Golf on TV—the ball always appears to fly dead-right

Whenever I see a golfer on television, especially when the pin is within view, it does appear that the shot is mishit—then, the ball drops at the presumed target; near said pin. As I allude to in my title, the ball appears to fly dead right despite all of this.

Why is this? Do many golfers play an intentional draw? Distortion from the camera lens?

I’ve noticed this too, and I’m pretty sure it’s just the geometry of the camera position. The cameras seem to generally be set up behind and to the right of the players, which makes the ball appear to go right on the screen. Also I think they tend to use quite long lenses, which will mess with your depth perception.

You can compare this to some shots on driving holes, where the camera is set up directly behind the tee box. The flight of the ball seems “correct” on those shots.

I believe that professionals will choose to draw or fade the ball, if it makes for a more predictable landing. For example, if the green slopes towards the front right, a ‘straight’ landing makes for an awkward angle to predict where the roll & backspin will place the ball. Coming in from the right makes for a simpler landing.

You wanna see a leftward ball flight? Have them put the camera behind me when I’m playing. Mr. “Pull-hook”–yep, that’s me. Pros are much more likely to have an inside to outside swing path, which I’m sure has at least something to do with what you’re seeing. Watch someone who generally plays a fade (Nicklaus, for example, relied on a power fade). It may look different.

I’m no golf expert, but I remember reading an article that basically said that no professionals hit straight shots. They always draw or fade their shots because the flight of the ball is more predictable that way. Some players can only do 1 of these consistently. That’s why you’ll announcers say that “so-and-so hits the ball right-to-left so this shot is a tough one for him.” Hitting straight consistently is too difficult.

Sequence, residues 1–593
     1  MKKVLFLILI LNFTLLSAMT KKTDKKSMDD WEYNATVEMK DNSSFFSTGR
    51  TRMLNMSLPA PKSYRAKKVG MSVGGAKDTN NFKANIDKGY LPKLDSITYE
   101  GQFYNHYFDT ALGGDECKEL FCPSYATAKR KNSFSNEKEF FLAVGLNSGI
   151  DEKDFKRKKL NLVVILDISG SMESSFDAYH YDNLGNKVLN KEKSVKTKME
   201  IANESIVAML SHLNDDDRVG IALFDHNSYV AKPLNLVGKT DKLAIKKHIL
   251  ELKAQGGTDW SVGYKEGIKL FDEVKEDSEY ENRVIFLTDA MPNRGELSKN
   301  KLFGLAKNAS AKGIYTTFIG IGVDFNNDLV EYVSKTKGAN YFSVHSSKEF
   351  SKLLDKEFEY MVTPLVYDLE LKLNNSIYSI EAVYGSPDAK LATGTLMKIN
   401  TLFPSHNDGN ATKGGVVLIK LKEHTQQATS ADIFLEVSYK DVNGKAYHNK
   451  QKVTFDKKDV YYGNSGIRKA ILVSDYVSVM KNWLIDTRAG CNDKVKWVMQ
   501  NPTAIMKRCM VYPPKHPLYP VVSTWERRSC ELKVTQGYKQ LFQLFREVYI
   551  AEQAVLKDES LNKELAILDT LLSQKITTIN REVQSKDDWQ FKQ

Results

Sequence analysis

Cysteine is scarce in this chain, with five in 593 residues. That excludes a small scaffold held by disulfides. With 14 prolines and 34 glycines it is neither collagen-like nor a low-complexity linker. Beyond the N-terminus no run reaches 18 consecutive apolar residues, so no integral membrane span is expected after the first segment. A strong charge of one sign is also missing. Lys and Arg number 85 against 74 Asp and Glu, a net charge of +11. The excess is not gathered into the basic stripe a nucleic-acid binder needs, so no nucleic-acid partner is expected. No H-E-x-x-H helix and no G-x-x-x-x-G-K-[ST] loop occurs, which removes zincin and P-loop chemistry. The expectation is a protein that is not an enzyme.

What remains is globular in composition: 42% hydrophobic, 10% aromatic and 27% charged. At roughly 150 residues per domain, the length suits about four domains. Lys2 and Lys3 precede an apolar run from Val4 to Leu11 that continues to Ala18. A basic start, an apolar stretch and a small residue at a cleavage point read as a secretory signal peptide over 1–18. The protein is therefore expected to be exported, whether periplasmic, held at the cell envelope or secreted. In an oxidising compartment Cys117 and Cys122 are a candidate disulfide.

If by “too difficult” you mean in-fucking-possible (for me, at least), I agree.

That is pretty close to the whole truth about things. Most above average golfers can manage a reasonably controlled fade but the draw is more the territory of better players. It is like professional tennis players - apart from Jimmy Connors they all hit the ball with so much spin that the average player cannot comprehend it. The spin imparted on the ball does make it easier to control its flight.

But what I’m talking about, and what I think Joe K is talking about, can’t be explained by players hitting draws. The ball looks like it is hit way off-line to the right. And it’s always to the right, you don’t see an equivalent shot on the left of the screen for cut shots.

Yep. I spent several years as the head bartender at a pretty nice golf club, and managed to get down to single digit handicap at one point (when I had a lot of time on my hands).

Never could hit a straight shot with anything greater than a 7 iron.

I never had a problem with a draw vs. fade, though. That is really a function of the swing and mechanics of the shot setup.

Maybe** Joe K** should ask to have this moved to GQ. I’ll bet he’d get an answer there.

I see shots go left and right. My friends and I noticed the phenomenon years ago and noticed that all shots seem to go right or left, just never straight. That’s why the article that I mentioned in my previous post rung a bell for me.

I found this on Usenet (Google Groups, actually):

*Check again next time you see the ball heading right and you’ll notice the camera is not directly behind the player…but rather a bit off to the right so as to frame both the player and the hole. (if the camera was directly behind the player his body would block the target, but you’d see the ball go straight) When the player hits the ball straight it actually travels across the frame from lower left (player) to upper right (target) and therefore appears to be a huge push, shank or slice. *

I guess that answers it, for the most part. I was also happy to receive more information as to the common occurrence of imparting intentional draw or fade for control—thanks!

Not quite. Anyone see the Masters? DiMarco’s ball always went to the left. That’s because he’s a fader.